You might believe that people will like you more if you figure out exactly what they want. But this only communicates to others that you’re desperate for their validation — and that’s a turnoff for almost everyone.

Being a chameleon is unsustainable. You’ll only find people who are attracted to that fake version of yourself. Simultaneously, you’ll push away people who would actually like you for you. And when you finally can’t keep up the charade, you’ll either lose your connections or end up being someone’s doormat.

The good thing is…there isn’t just one type of attractive person. Confidence is the sexiest quality imaginable – and it comes in all different forms and variations. And it’s something you can develop.

I have a client who recently started dating a girl who smokes. He told me that he knew he could never have a long-term relationship with a smoker.

He was afraid of being honest with her in case she didn’t want to see him again. He was thinking, “I can’t lose this connection” instead of “I need to stay true to myself.”

I told him to tell her the truth: that he was interested in casually dating, but that was it.

So what happened when he opened up to her on their second date? She went back to his place and they had sex.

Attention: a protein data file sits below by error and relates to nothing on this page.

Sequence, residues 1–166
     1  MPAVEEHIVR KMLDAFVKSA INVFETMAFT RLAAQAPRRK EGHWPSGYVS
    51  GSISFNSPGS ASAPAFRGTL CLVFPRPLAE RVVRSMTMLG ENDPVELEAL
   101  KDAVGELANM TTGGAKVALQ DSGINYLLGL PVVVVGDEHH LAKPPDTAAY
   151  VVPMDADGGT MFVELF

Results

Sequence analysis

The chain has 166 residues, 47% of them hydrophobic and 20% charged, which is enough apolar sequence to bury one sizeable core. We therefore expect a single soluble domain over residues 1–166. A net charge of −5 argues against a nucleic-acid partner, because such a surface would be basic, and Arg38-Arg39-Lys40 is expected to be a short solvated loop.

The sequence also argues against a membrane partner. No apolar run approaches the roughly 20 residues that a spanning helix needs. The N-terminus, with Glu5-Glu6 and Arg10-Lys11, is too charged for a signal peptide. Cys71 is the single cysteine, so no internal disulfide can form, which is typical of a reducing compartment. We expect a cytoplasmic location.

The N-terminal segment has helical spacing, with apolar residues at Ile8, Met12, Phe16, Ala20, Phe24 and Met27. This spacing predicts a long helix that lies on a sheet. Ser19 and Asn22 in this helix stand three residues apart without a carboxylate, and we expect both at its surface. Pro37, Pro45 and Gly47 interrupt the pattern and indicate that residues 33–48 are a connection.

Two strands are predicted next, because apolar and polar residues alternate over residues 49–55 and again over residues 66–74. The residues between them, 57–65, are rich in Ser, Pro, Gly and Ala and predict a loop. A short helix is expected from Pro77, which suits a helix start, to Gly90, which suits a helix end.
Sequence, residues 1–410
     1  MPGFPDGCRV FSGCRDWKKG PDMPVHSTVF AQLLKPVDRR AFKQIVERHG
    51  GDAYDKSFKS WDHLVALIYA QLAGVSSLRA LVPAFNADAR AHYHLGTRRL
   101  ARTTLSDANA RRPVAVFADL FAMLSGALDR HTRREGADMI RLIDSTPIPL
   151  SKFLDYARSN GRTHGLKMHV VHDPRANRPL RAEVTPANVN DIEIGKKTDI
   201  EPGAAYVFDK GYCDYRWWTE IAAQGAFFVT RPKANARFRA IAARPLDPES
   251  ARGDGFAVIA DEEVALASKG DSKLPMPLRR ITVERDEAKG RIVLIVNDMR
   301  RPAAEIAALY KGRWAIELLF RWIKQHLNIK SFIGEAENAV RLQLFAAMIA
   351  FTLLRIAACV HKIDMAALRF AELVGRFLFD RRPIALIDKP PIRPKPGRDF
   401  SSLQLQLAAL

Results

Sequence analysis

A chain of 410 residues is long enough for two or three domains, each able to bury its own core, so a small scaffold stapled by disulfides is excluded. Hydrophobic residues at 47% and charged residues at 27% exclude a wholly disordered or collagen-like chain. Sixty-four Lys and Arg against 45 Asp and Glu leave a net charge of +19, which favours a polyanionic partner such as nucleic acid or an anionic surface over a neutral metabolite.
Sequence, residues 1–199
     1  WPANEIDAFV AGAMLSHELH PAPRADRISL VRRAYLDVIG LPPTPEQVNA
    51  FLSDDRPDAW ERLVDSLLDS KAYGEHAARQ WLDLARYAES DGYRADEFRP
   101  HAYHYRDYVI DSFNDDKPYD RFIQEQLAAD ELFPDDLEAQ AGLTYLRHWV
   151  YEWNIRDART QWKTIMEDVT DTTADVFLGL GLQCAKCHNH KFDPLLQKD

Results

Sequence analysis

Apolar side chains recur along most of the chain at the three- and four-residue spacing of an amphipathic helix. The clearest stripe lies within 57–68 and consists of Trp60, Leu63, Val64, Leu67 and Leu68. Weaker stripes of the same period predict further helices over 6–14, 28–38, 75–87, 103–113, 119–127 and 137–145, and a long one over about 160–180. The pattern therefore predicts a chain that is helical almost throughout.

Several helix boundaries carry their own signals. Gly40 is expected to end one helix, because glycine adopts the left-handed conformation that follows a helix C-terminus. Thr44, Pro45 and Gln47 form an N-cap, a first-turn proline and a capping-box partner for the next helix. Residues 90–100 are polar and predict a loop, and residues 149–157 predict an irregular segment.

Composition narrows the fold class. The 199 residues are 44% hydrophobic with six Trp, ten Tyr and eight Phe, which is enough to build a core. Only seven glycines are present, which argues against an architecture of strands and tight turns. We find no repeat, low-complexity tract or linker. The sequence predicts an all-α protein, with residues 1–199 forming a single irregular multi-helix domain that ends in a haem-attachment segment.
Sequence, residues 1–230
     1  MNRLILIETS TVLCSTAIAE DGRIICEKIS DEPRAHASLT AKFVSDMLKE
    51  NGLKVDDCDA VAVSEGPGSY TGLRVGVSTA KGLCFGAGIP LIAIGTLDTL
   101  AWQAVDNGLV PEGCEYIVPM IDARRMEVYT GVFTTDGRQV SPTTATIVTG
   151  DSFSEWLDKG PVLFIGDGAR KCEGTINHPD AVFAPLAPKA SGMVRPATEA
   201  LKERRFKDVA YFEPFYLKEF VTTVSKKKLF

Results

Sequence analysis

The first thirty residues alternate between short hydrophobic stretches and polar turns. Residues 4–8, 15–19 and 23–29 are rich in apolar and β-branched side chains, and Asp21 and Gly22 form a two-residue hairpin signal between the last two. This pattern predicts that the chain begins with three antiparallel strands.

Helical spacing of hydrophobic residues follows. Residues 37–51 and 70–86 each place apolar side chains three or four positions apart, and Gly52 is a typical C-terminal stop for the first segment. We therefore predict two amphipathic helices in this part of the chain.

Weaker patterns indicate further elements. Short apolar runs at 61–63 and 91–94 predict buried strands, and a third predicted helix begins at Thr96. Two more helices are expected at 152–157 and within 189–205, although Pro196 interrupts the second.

He expressed what he wanted and even though it was different than what she wanted, she still found that self-confidence sexy as hell.

If you make your dating successes about self-love, you build real confidence and become more attractive to the people who genuinely appreciate you. That’s how strong, lasting relationships are formed.

If you make your successes about pleasing everybody, you may get a temporary high. But you’ll form connections with incompatible people, built on weak foundations, that will inevitably crumble.

Measure your internal effort, not just the external result

Love yourself

You need to evaluate your successes based on your effort to remain true to your values and respect yourself, not on the external result of women’s approval.

External approval: You introduced yourself to a woman with a rehearsed line you read from the internet.

Internal approval: You introduced yourself to a woman with something you genuinely felt or observed in the moment.